James Meredith returned to the limelight in Mississippi on June 5, 1966, marching on foot from Memphis to Jackson, to support the effort for black voter registration.
But just one day after beginning his march, Meredith was shot down in a hail of shotgun blasts, by a white attacker. He would go on to recuperate and rejoin the march, taken up in his absence by Civil Rights Movement leaders, including Martin Luther King Jr. and Stokely Carmichael.
For Oxford residents, the overarching Meredith story resides in the area’s collective history, one that has been heard and felt time and again. Historian Aram Goudsouzian’s new book, “Down to the Crossroads,” tells the march story in a modern way, through the many voices that pulled the movement in different directions.
“If you read this book, you would get a taste of the larger tensions and successes in the Civil Rights Movement,” Goudsouzian said. “This is a local history, in places like Hernando, and Greenwood and Grenada, that shaped a huge international story.”
The traditional story originally told by journalists combined the story of King, flashpoints and nonviolent demonstrations, with black power as the shadowy boogey man. Goudsouzian’s tale blends the old and new styles of teaching civil rights: his writing takes this classic tale, and interweaves the genuine aspirations for rights as a facet of black power, along with local Mississippi stories, and the role of women and children in the movement.
The local narrative takes its shape and unfolds much like a television drama: King’s escape from a mob, a federal government that turned a blind eye, and the first public utterance by Stokely Carmichael of “Black Power.”
In many ways, this was a very different march than that envisioned by Meredith when he set out. After integrating Ole Miss and spending a few years elsewhere in the U.S. and abroad, he was making moves to enter Mississippi politics.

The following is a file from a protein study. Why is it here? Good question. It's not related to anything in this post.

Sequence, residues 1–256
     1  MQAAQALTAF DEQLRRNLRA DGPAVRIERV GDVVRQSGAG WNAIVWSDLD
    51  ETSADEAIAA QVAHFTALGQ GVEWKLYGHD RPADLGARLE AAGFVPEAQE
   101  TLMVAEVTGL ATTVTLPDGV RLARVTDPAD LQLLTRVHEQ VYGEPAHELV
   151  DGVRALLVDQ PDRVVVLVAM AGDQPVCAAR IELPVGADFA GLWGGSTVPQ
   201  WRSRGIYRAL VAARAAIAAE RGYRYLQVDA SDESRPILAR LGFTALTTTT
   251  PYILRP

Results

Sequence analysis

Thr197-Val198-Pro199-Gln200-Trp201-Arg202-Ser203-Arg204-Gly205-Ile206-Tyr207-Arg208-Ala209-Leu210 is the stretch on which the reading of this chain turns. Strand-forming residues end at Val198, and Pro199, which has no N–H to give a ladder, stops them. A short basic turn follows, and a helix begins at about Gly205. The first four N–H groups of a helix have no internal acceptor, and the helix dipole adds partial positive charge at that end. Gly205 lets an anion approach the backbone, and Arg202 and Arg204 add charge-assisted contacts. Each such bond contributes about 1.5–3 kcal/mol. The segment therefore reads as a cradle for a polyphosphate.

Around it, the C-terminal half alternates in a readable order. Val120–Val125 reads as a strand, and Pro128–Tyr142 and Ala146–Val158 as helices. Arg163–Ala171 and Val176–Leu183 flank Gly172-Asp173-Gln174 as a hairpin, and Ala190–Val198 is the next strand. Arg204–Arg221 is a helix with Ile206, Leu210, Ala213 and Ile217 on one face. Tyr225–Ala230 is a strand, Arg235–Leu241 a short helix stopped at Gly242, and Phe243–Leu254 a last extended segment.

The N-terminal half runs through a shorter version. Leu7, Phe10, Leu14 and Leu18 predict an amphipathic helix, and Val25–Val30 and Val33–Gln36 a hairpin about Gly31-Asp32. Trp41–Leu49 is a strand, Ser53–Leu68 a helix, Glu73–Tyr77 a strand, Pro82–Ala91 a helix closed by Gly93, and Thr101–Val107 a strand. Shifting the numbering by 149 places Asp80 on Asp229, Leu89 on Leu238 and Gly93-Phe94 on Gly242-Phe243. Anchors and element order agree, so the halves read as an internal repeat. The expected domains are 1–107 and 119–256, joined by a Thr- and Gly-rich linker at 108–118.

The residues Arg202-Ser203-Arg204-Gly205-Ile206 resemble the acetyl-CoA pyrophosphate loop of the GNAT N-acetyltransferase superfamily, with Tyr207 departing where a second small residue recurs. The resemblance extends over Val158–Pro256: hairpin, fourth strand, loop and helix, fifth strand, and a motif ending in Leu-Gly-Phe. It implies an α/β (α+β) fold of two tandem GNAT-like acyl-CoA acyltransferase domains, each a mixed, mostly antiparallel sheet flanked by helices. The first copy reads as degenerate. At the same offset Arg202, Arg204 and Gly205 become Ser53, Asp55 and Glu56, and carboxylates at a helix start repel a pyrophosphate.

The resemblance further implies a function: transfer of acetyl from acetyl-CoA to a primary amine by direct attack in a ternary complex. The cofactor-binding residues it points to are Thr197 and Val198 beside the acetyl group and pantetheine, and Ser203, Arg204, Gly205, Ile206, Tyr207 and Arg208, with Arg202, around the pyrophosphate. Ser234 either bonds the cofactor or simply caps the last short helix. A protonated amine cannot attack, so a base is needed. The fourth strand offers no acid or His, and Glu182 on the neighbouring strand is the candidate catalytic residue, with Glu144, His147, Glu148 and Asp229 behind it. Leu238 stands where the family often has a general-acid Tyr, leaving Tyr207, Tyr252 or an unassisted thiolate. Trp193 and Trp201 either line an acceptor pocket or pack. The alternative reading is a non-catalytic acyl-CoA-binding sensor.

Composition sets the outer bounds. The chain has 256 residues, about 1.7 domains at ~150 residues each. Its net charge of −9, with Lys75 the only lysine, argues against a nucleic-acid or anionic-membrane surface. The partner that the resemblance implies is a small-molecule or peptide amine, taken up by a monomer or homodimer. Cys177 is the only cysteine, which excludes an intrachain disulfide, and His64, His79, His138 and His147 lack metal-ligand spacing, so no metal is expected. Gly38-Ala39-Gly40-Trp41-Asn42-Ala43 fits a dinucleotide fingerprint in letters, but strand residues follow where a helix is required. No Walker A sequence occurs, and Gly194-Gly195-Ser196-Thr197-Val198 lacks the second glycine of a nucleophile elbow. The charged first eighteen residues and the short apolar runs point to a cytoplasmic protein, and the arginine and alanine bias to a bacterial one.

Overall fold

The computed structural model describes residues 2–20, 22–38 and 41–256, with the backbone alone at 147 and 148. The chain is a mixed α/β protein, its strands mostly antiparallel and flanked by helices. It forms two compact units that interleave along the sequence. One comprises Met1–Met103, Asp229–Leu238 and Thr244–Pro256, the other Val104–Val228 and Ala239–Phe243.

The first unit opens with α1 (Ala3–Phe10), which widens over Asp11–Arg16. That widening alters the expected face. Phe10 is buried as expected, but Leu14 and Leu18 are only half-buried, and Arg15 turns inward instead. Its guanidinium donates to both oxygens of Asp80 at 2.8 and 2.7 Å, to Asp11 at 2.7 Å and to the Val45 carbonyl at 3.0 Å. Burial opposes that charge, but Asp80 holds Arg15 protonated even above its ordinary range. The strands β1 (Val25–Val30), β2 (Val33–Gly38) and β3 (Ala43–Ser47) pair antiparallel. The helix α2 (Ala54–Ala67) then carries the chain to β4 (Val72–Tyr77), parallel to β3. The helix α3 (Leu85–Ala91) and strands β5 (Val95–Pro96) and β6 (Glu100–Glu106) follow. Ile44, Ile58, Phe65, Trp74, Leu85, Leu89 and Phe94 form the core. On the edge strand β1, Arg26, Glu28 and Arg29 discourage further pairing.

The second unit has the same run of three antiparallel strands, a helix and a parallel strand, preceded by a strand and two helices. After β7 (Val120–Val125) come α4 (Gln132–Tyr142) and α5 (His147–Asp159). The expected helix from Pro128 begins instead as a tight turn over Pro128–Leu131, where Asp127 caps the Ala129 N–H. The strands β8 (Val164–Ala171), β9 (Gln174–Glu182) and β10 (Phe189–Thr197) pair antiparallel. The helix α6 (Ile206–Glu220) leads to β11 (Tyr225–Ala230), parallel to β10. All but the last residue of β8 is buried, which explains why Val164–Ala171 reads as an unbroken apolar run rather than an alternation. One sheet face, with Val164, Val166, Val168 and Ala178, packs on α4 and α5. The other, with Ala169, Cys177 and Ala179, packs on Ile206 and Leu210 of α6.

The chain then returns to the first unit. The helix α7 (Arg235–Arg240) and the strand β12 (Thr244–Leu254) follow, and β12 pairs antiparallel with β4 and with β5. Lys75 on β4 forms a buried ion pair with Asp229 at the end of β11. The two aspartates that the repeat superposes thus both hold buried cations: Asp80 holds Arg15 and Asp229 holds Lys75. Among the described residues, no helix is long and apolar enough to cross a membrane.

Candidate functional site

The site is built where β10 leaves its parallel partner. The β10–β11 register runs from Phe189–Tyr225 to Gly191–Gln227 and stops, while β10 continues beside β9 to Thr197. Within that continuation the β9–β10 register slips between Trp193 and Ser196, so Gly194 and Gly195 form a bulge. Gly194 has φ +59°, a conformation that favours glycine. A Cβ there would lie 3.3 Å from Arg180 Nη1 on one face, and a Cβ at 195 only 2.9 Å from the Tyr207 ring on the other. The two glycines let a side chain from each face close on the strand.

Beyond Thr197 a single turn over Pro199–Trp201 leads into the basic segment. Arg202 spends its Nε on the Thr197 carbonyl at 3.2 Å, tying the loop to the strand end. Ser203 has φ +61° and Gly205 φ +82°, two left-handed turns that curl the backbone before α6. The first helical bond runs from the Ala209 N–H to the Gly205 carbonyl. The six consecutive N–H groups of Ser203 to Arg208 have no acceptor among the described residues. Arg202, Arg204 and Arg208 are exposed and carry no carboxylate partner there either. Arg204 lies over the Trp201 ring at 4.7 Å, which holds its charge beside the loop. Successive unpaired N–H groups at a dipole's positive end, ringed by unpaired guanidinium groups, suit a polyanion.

“He sees the march as a springboard to a political career in Mississippi,“ he said. “He’s writing to people, and thinks that walking through Mississippi will connect him to local leaders.”
Meredith, like many of the author’s favorite subjects, is ideologically complex. He’s one of those real-life characters who fail to fit a mold, an individualist. He was staunchly conservative in many ways, Goudsouzian said, but unintentionally helped create a vehicle for the beginnings of the black power movement.
“He occupies this very strange place in the conscious of Mississippi in many ways,” he said, referring to Meredith at the time of the march.
“He‘s still the ‘most hated man in Mississippi,’ at least among whites. And he’s a man who’s very admired among African-Americans for his courage.”
Interviewing Meredith was a way to understand the man himself, and his fierce magnetism then shaped how the author wrote his story.
Goudsouzian is in his first year as chair of the University of Memphis history department, having taught there for 10 years. He has written four books, with much of his previous writing concerning sports, and major African-American figures in sports and popular culture.
Down to the Crossroads, published by Farrar, Straus & Giroux, is available now. His new work has been lauded as a must-read by Henry Louis Gates, Jr., director of the Hutchins Center for African and African American Research, Harvard University. Goudsouzian was a guest on a PBS documentary last fall, The African Americans: Many Rivers To Cross, hosted by Gates.
Goudsouzian will sign books at 5 p.m. Tuesday, at Off Square Books, following a short lecture.
– Gretchen Stone, associate editor, HottyToddy.com, email@example.com
Author Expert on Meredith Signs Book Today in Oxford
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